The importance of social behaviour for goat welfare in livestock farming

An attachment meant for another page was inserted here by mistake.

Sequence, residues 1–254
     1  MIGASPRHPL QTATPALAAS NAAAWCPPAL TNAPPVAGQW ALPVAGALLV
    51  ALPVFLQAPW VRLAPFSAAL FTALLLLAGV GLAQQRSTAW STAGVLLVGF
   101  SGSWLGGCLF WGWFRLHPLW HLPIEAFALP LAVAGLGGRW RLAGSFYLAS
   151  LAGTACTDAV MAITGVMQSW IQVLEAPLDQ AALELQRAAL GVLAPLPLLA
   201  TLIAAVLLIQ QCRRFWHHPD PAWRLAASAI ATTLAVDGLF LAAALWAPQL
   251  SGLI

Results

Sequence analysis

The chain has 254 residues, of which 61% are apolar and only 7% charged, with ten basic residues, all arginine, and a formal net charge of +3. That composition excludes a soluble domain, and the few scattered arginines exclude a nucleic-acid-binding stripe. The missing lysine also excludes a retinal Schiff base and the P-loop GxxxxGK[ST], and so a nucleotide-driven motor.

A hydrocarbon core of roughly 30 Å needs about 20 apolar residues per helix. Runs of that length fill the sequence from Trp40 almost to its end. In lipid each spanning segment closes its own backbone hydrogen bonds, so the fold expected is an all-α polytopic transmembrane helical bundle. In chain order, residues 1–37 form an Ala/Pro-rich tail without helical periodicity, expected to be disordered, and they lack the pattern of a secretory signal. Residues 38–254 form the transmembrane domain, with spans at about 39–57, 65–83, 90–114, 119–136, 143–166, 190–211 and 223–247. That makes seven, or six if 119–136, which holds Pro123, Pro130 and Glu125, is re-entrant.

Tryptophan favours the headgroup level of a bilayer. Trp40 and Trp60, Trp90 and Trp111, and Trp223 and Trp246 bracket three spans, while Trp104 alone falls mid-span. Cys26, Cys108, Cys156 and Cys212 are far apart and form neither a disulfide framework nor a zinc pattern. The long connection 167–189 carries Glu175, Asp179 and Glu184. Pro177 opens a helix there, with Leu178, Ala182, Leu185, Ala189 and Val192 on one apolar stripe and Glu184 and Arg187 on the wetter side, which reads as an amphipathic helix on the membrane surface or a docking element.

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The domestic goat is a sociable, inquisitive, and intelligent species, which has been used for its meat, milk, skin, and fur since it was first domesticated ca. 10,000 years ago. Although it exhibits a wide range of behaviours, the domesticated goat has been the subject of relatively few behavioural studies. In domestic goats, the opportunity to express certain social behaviours can be limited by captivity and management systems, especially in modern production systems, where goats are reared intensively under high stocking densities, sexual segregation, early separation of kids from their mothers, frequent regrouping, and manipulation during critical periods, including gestation and weaning. To better understand the requirements of this species and to identify possible tools for the detection of early modifications in natural behaviours that might indicate poor welfare and the establishment of positive human–animal interactions, this review provides a detailed description of goat social behaviour. Practical recommendations arising from observations of goat social behaviour are provided in the conclusions.